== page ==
The One Minute Life

Monday Author: Susanne Skinner

When I was younger, shortcuts were appealing. They offered a workaround that absolved me from a longer, perhaps more tedious process. I rarely questioned the end result. Age and experience helped me realize there are no shortcuts to the important things—they require the investment of time. There is no such thing as a One Minute Life.

There is no such thing as a One Minute Life.But the Internet tells me otherwise. It offers options that feel like shortcuts, reducing just about everything in my life to one minute:

  • The One Minute Manager
  • The One Minute Workout
  • The One Minute Parent
  • The One Minute Salesperson
  • The One Minute Miracle

Back in the day we liked shortcuts because they appeared to be efficient; they used less energy and fewer resources, and they made us believe we had cracked some kind of secret code. Authors touted quick fixes, silver bullets and magic wands. People believed they did not have to work hard for results; they would simply appear.

Easy Street and the One Minute Life

It’s the continuing search for Easy Street: instant money, quick promotions, ultimate weight loss and, of course, Minute Rice. These aren’t tricks and tips for working more efficiently, they’re ways around work.

But even Minute Rice takes five minutes. We have been seduced into measuring our worth and accomplishments with a time stamp. Authors and experts try to convince us that in circumventing a process we are still guaranteed to be successful. Even the laws of physics point to the path of least resistance as the one most often taken. Does that make it the right path, or do we find ourselves backtracking to the long-term course we should have taken in the first place?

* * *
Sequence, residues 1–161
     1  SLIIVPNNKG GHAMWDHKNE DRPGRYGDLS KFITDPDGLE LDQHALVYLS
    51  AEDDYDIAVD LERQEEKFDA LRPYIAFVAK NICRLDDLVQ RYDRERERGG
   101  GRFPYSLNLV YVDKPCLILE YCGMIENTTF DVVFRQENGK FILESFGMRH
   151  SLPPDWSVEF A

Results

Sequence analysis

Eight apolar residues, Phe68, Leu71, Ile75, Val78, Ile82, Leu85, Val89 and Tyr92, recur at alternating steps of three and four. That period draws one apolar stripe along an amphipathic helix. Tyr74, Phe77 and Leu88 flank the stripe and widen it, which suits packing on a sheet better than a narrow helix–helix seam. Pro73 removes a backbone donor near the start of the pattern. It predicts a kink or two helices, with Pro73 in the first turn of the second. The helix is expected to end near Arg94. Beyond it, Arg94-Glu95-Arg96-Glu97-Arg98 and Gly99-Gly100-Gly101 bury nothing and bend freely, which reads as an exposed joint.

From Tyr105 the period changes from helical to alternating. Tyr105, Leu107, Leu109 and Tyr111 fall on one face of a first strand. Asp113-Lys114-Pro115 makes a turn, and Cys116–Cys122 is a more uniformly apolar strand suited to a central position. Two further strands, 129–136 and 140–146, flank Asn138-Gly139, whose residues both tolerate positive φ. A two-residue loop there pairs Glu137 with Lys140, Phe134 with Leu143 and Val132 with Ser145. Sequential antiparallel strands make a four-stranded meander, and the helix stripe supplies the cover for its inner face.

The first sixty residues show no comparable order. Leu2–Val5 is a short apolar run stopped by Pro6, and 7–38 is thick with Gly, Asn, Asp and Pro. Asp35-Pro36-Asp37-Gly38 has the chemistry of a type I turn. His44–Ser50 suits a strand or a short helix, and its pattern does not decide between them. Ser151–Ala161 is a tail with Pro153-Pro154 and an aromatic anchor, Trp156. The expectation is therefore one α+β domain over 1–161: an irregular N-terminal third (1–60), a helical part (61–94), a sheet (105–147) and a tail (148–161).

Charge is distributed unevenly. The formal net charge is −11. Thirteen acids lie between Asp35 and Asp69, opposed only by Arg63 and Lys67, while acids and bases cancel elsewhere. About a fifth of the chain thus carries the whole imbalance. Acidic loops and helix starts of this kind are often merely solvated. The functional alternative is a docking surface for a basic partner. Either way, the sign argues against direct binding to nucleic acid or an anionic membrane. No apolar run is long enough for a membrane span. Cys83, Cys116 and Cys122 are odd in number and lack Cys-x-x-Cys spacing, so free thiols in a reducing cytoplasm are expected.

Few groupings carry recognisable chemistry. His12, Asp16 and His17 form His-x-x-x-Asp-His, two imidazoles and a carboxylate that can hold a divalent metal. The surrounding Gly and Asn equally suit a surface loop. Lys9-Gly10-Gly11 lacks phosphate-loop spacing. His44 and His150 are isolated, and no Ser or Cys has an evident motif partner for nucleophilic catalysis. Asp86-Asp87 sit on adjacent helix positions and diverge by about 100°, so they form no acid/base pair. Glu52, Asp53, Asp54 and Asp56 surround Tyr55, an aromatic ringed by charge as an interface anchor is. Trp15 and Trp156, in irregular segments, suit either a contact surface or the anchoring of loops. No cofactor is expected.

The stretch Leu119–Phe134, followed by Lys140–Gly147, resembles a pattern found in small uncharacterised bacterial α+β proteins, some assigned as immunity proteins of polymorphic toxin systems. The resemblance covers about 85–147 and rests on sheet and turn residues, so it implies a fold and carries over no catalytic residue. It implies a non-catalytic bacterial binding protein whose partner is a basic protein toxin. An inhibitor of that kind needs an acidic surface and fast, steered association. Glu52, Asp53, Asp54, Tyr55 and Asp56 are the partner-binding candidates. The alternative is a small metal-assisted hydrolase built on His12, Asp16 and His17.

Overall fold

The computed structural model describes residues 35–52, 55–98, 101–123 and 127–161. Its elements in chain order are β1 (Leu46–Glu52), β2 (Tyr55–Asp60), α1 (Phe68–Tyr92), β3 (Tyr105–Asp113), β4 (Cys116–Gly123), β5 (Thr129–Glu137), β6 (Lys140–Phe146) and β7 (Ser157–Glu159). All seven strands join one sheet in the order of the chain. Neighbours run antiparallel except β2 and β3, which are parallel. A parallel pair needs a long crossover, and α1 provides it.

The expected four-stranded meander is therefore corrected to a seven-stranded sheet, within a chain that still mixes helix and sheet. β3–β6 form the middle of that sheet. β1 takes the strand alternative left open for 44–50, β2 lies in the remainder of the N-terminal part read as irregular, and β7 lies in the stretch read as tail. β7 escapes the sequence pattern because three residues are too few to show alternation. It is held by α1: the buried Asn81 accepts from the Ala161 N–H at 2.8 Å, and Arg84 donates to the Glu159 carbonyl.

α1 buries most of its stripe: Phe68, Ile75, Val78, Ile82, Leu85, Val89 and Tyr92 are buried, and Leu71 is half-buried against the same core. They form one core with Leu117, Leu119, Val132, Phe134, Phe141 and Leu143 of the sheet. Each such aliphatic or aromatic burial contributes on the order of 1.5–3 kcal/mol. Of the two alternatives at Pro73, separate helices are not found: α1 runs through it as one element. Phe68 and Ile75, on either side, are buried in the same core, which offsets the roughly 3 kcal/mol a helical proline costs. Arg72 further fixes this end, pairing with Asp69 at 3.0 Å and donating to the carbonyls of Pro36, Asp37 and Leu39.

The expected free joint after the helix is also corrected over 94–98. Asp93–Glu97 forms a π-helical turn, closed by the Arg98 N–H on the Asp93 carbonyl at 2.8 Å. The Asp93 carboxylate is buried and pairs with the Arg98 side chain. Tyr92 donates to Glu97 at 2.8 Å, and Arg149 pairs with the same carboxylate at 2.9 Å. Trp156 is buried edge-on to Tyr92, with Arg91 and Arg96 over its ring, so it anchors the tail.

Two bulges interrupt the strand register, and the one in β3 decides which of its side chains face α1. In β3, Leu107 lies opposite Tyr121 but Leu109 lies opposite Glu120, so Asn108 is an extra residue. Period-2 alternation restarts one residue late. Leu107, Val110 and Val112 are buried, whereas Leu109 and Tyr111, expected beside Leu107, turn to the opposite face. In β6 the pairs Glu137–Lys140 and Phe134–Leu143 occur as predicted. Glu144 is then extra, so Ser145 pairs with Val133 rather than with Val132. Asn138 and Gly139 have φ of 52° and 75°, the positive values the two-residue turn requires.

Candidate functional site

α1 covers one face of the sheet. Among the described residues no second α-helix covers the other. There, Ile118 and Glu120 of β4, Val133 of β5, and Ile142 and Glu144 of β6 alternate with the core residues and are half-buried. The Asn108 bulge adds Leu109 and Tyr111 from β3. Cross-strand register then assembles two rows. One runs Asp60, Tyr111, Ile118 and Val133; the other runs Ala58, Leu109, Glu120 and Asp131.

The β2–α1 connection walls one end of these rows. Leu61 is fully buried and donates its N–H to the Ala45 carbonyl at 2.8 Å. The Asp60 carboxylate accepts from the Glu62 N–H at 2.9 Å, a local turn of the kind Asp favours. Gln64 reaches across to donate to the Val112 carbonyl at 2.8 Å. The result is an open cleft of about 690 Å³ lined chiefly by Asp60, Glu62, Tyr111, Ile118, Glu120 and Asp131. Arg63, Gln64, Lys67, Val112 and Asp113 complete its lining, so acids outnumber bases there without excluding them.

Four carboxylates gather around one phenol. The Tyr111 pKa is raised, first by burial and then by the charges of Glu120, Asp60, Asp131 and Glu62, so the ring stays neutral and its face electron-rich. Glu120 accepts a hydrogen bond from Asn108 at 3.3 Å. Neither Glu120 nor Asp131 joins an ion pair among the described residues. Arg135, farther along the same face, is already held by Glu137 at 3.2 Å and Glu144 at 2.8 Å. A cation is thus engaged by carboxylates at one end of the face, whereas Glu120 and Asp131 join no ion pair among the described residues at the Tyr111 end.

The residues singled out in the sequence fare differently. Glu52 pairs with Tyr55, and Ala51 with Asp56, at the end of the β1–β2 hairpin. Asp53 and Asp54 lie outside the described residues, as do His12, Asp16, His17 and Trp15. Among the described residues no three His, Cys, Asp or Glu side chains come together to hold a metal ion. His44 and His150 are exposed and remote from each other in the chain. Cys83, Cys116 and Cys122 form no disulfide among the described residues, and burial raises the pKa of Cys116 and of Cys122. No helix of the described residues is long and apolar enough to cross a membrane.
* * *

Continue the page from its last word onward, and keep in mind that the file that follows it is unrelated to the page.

You can’t take a shortcut to the important things in life. Excellence and success may look like an overnight phenomenon but the reality is they are the result of years of investment, dedication and practice.

No great thing was ever accomplished overnight.

The Right Way

It’s not that we shouldn’t create shortcuts, because once in a while shortcuts work—but more often they fail to measure up to their intent. Being drawn to the easy path is human nature. It’s a built-in mechanism that doesn’t fit as well in today’s world as it did in the 80s. The advent of technology, outsourcing and resource management, and global communication have created a new landscape for work and leisure. It’s not wrong to consider shortcuts, but we must be selective in choosing where and how we apply them.

Every one of us is pressured to do more with less, revolutionizing how we live and work. If anything has changed, it is that we have become more practical and more emboldened to take control of our lives. In doing so, we learned not afraid of hard work, and we like to be acknowledged and rewarded for the success that comes from it.

A well-thought-out shortcut improves efficiency, but first we have to take the time to develop it. Start-up employees put in 20 hour days with the goal of creating and streamlining a business that will be more efficient and profitable over time. In the grand scheme of things, the people who work hard get to enjoy the results.